Refuse to be Silent About Things That Matter

by Mary Ellen Daneels, Lead Teacher Mentor

This past week, I joined many in my outrage over a controversial remarks by Iowa Congressman Steve King (R-4th) in a New York Times interview where he pondered, “White nationalist, white supremacist, Western civilization — how did that language become offensive? Why did I sit in classes teaching me about the merits of our history and our civilization?” The statement was just the latest in a history of racially charged comments and divisive actions by the Iowa politician.

The comment drew outrage from both the right and left of the spectrum, and resulted in King being stripped of his committee assignments in the U.S. House of Representatives. The House also passed a resolution rejecting white supremacy and white nationalism by a vote of 424 to 1. Congressman Bobby Rush of Illinois (D-1) was the one member who voted against the resolution, saying it did not go far enough. Rush has introduced his own censure resolution, which represents a stronger condemnation focused on the Iowa Republican.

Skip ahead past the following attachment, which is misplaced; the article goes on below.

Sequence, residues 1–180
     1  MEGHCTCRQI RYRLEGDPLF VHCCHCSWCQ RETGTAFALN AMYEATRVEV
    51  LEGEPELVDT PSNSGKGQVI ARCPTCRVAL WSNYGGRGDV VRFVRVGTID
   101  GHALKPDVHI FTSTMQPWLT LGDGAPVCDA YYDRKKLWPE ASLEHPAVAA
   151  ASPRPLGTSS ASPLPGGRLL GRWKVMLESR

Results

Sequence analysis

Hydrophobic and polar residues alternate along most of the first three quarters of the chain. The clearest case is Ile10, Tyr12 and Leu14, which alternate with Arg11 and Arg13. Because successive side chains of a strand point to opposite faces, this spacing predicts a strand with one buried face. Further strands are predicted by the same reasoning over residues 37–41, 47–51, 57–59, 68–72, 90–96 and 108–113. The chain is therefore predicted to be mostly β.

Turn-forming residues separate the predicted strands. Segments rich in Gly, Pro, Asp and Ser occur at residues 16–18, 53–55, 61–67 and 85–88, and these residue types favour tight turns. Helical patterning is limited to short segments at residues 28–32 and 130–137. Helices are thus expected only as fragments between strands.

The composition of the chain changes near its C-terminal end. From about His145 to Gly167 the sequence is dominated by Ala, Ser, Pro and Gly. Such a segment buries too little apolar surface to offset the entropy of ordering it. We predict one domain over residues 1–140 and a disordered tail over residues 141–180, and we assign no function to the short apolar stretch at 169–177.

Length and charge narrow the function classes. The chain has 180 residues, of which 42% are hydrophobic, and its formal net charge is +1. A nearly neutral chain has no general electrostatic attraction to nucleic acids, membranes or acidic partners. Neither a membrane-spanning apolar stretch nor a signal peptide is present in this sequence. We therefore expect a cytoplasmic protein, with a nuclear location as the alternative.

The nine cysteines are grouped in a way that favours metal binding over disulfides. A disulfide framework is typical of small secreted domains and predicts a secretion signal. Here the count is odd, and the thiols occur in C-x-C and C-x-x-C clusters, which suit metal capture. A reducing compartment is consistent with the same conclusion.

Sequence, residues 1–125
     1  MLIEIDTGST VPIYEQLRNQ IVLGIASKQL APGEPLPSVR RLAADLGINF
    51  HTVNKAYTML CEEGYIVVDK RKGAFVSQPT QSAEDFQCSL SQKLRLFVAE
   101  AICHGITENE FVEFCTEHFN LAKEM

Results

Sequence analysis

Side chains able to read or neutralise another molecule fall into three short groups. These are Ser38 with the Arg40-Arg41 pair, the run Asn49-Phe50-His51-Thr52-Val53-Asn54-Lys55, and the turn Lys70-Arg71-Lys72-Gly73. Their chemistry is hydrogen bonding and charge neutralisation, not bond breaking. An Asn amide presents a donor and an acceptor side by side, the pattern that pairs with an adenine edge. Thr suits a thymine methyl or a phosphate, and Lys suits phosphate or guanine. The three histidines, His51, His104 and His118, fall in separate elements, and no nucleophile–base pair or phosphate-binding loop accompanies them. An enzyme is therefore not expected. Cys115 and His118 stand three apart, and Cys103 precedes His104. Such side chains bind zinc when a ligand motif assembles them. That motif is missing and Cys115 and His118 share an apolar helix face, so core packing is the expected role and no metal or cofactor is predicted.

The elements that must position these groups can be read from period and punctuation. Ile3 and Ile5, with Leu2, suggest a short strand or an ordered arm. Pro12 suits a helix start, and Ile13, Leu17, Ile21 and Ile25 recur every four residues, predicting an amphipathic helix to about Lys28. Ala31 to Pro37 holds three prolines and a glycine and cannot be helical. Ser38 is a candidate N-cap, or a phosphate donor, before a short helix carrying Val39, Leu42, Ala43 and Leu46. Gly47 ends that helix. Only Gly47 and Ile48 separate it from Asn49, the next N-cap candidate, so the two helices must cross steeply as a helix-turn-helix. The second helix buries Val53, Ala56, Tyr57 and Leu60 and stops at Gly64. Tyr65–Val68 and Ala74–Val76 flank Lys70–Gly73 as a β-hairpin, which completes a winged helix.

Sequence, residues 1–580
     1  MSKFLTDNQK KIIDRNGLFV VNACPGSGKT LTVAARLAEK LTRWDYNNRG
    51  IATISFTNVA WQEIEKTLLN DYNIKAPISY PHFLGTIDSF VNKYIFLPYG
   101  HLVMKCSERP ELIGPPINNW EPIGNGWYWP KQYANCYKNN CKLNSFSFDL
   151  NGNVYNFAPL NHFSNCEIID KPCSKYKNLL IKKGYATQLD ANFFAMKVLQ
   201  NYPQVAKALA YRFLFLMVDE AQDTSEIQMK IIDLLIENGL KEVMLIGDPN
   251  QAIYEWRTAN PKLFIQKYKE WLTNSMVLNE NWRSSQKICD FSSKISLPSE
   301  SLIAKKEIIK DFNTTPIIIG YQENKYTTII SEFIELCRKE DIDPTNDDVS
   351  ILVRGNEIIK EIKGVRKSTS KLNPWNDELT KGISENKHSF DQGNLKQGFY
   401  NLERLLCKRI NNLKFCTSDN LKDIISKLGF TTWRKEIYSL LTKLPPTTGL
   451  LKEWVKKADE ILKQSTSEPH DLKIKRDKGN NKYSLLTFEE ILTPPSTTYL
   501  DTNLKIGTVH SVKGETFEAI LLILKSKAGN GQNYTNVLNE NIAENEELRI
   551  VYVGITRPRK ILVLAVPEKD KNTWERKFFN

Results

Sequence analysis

As I reflected on these events, I also pondered on how well I have done as an educator in helping my students understand what was wrong with King’s statement. According to Congressman King, it was in history class that he learned that white supremacy and white nationalism was okay. As we near a holiday celebrating of a very different man named King, Dr. Martin Luther King Jr, I wonder how we can use the proven practices of civic education to honor his legacy and continue his work for, in Dr. King’s words, “Our lives begin to end the day we become silent about things that matter.”

While it can be uncomfortable, it is incumbent upon classrooms to address essential questions related to race, equity, justice and related themes that permeate social issues of both the past and present. This week, Teaching Tolerance published an article, Steve King Shows Why We Need Black History Month, citing, “King’s comments indicate not only a shocking willingness to express his personal racism but also how far we have to go when it comes to sharing the truths about the founding of the United States and the history of civilizations around the world.”

For classrooms looking for resources to honor the memory of Dr. Martin Luther King Jr. and counter the narrative proposed by Congressman Steve King-here are some places to start:
How are you addressing essential questions relating to Congressman King’s comments? How are you honoring the legacy of Dr. Martin Luther King Jr. and Black History Month? Please comment below. Together, we can equip all student for college, career and civic life.

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